Since I wanted this so badly when I was young, I had to challenge myself with the big question: Was it everything you dreamed? Considering the fantasy also included a sold-out show or a million-man fan base, nighttime radio probably fell a bit short. And I think we sang a closer resemblance to track 9 on the CD (Jesus Freak - Reprise) than to the popular single (look it up if you don't remember... it's worth the laugh!). But at least I remembered the words, my voice didn't crack on the high notes, and it was fun! Since I apparently didn't dream of curing cancer or traveling to Mars when I was a kid, my dream was nicely obtainable.
But I want to push it a step further: Would my 13-year-old self be proud? That's tough. Why did I want musical success at that age? Was it the fun, or was it the fame?
Unfortunately, I think it was more about the fame. I saw the way the world reacted to great singles like Jesus Freak, and I noticed the way I felt listening to the music. I wanted to have that effect on people, and I think I wanted them to recognize me for it.
I think I've always been caught between the idea of making a big impact and being recognized for the impact I make. I know the impact is good, but too often I drift toward recognition. I hear myself narrating an interview in my head or wonder how my actions would look in newsprint. I daydream that through an accidental run-in with a member of the press, I'm suddenly the center of a great news story. Maybe I even end up on Good Morning America and the Today Show before it's all over!
In the 14 years since I was 13, I've continued to struggle with the allure of fame. Whether it's the thought of publishing an essay in a scholarly journal or giving a presentation to a large crowd, the idea of fame still tries to drive me from my path. And in those 13 years, I've learned that aspiring for fame before function is like aiming for Mars when you need to reach the Moon. You might make progress, but you'll never hit your target.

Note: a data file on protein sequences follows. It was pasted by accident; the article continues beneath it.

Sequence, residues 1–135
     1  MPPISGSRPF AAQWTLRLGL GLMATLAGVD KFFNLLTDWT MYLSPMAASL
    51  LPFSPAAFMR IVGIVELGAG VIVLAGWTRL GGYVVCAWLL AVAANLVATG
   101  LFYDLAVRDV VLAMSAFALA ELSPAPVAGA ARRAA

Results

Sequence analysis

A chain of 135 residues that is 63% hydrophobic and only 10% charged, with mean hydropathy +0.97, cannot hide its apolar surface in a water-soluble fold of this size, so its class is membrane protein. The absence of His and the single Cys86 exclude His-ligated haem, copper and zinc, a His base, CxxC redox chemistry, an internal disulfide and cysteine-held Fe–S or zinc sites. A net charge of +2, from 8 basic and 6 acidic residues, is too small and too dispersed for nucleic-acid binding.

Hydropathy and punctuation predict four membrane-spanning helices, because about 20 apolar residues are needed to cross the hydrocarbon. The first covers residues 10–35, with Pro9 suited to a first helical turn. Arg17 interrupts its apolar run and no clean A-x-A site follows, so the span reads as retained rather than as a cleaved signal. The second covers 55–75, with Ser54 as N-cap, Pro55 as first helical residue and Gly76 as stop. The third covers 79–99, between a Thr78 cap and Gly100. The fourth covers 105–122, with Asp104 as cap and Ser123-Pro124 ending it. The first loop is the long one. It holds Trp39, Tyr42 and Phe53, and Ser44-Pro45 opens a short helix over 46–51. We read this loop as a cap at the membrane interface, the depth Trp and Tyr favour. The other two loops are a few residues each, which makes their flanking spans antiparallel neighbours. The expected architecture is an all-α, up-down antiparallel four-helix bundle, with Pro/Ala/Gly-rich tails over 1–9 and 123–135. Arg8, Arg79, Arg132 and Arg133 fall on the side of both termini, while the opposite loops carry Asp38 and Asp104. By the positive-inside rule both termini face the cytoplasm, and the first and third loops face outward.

I'm learning this lesson slowly. Now, instead of hoping for a run-in with the press, I worry about it. Instead of seeking recognition, I avoid it. I don't do this because fame is bad, but because I know I have a problem with fame the way alcoholics have a problem with alcohol. I'm afraid that once I get a taste of it, I'll just keep searching for more.
As I'm writing this, I haven't heard from anyone who recognized my voice on the radio. At first I wanted to, knowing there would be more curious looks than compliments, so that I could recount and relive my 15 seconds of fame. I wanted to know just how crazy we were and just how bad it sounded. I wanted to know if they were impressed by my rendition of TobyMac or if it left something to be desired.
But I think it's better if I don't. My 13-year-old self may kick me in the shins for letting this moment go, but at the wise old age of 27, I think I'm happy just to keep the memories.
Always moving forward,